New Lead Widens Search for Missing Malaysia Jet
The search for a missing Malaysian plane is widening once again as searchers pursue a new lead.
U.S. investigators now believe the missing Malaysia Airlines plane may have flown for five hours after it reached its last confirmed location. That's four more than they first thought.
The Wall Street Journal reports the clue is based on data automatically transmitted from the Boeing 777's engines.
The latest lead raises all kinds of new questions about who and why someone on board may have diverted the plane. And it expands the search area, again.
If the plane kept running for an extra four hours after last making contact, that's an extra 2,200 nautical miles.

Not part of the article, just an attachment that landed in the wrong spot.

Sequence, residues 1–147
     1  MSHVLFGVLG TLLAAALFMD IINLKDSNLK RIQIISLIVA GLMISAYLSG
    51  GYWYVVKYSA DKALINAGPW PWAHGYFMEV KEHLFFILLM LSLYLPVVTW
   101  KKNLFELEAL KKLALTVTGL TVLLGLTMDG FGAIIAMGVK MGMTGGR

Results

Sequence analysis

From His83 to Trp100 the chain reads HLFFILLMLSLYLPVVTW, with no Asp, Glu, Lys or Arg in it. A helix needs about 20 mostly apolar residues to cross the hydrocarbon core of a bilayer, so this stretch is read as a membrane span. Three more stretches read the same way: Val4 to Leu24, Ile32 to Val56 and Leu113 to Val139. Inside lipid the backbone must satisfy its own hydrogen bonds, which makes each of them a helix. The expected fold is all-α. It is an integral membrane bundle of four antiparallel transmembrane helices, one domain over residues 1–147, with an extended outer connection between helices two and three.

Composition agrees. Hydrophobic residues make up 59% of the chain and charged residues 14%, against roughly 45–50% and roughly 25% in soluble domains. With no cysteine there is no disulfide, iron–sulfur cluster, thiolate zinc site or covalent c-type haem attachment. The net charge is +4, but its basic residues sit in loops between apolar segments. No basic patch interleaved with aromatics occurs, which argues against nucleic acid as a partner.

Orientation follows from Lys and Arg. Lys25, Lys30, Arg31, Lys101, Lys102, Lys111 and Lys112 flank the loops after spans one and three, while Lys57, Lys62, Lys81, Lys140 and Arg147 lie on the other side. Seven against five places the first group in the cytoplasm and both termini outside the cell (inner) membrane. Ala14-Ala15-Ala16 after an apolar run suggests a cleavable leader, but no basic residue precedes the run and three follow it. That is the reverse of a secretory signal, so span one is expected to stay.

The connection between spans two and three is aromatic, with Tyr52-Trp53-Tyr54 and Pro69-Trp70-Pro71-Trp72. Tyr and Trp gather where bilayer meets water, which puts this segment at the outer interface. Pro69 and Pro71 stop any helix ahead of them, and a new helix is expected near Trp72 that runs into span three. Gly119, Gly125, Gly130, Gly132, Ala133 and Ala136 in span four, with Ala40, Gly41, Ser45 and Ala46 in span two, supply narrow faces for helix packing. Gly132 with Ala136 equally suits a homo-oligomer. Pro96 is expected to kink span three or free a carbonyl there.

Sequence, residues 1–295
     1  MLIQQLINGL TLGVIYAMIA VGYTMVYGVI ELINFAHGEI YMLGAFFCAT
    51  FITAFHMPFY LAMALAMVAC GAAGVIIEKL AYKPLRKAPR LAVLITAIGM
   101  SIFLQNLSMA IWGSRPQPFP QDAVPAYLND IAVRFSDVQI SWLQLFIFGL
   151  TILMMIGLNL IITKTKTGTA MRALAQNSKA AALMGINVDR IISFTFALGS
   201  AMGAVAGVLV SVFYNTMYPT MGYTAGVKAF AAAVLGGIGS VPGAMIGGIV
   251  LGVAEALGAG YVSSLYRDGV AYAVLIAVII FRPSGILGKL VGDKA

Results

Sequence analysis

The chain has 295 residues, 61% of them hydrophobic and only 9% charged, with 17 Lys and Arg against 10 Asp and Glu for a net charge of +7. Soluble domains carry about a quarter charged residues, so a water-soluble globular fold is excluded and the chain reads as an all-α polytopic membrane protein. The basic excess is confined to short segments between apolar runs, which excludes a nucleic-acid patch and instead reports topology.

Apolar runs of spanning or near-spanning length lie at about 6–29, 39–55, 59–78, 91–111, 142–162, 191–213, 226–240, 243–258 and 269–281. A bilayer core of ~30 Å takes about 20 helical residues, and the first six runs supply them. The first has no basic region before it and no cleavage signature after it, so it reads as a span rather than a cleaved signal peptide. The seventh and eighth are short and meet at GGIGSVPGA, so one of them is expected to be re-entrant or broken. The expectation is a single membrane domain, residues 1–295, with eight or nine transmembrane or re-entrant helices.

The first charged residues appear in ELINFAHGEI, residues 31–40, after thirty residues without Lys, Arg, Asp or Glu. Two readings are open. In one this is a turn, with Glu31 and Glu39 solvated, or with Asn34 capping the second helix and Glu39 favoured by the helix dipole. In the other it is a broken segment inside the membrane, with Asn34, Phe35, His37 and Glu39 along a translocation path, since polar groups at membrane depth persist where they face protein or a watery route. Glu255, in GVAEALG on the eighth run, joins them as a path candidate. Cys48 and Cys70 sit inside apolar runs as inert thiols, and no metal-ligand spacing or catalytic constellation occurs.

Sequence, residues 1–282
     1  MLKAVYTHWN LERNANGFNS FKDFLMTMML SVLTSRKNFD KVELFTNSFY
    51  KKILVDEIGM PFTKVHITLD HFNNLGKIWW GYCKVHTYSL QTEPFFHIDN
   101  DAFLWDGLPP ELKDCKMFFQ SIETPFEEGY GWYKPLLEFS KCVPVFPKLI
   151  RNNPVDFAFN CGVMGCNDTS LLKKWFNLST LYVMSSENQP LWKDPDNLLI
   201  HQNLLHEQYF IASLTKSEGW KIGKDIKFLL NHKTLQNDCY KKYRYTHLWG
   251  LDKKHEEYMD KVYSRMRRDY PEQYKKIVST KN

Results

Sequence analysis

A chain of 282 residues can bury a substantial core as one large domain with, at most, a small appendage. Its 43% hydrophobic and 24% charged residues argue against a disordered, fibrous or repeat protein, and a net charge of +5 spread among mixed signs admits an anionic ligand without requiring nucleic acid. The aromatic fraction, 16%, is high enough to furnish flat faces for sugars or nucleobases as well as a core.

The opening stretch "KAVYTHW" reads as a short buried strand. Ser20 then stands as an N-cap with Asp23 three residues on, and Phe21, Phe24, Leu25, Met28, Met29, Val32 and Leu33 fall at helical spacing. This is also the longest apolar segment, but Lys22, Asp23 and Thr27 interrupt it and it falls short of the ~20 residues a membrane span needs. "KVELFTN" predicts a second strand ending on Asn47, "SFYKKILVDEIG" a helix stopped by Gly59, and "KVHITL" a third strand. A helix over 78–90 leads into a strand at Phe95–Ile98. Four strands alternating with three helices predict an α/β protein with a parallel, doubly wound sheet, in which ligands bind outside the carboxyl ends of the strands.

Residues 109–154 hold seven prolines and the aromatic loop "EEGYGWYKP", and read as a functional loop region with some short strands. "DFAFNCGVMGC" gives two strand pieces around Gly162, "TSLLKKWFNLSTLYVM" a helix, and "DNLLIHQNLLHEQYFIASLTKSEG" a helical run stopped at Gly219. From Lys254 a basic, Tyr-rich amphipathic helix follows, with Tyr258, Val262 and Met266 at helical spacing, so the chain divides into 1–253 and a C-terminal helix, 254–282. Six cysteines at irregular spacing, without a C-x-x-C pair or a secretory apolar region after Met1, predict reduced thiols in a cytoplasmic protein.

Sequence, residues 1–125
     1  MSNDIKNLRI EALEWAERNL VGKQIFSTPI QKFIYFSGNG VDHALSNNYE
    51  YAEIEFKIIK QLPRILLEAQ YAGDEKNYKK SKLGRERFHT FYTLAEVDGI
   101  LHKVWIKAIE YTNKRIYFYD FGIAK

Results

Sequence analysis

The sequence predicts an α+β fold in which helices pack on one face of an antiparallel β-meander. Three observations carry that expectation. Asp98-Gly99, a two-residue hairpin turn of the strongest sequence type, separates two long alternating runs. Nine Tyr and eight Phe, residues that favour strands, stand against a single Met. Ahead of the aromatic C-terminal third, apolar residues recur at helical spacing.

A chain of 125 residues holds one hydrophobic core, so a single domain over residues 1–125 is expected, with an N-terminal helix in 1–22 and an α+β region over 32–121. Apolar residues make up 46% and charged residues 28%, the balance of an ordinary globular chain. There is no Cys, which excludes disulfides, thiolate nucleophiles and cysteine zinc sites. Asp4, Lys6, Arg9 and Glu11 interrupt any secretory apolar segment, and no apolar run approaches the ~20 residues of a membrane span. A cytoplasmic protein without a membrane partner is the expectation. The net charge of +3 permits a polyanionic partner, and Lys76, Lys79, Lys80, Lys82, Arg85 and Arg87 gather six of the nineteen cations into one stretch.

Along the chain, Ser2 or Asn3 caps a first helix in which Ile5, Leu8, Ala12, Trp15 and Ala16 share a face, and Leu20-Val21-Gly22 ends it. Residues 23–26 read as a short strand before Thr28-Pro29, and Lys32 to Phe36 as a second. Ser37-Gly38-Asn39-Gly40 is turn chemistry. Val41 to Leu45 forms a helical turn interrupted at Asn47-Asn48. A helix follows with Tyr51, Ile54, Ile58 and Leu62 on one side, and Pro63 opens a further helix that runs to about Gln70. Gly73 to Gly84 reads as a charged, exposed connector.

But Malaysia's acting defense minister is refuting reports that the engine data shows an extra four hours of flight.
"I fear that the search and rescue becomes just a search. But we will never give up hope," Malaysian Defense Minister Hishammuddin Hussein said.
Authorities have been searching for six days now with nothing to show. On Thursday pilots checked out an area where Chinese satellite images showed possible debris, but they found nothing.
Malaysian authorities are facing tough questions for their handling of the investigation. At times, they've issued conflicting and confusing statements.
For families of the missing passengers, the wait is excruciating.
"There is no news whatsoever. It's just disappeared off the face of the earth," Irene Burrows, mother of a missing passenger, said. "If we can just find some wreckage or something, that would be a help probably, but not this."
American experts from the National Transportation Safety Board and the Federal Aviation Administration have now joined the investigation after being shut out for days.
So far, authorities have not ruled out any possible cause, including mechanical failure, pilot error, sabotage, and terrorism.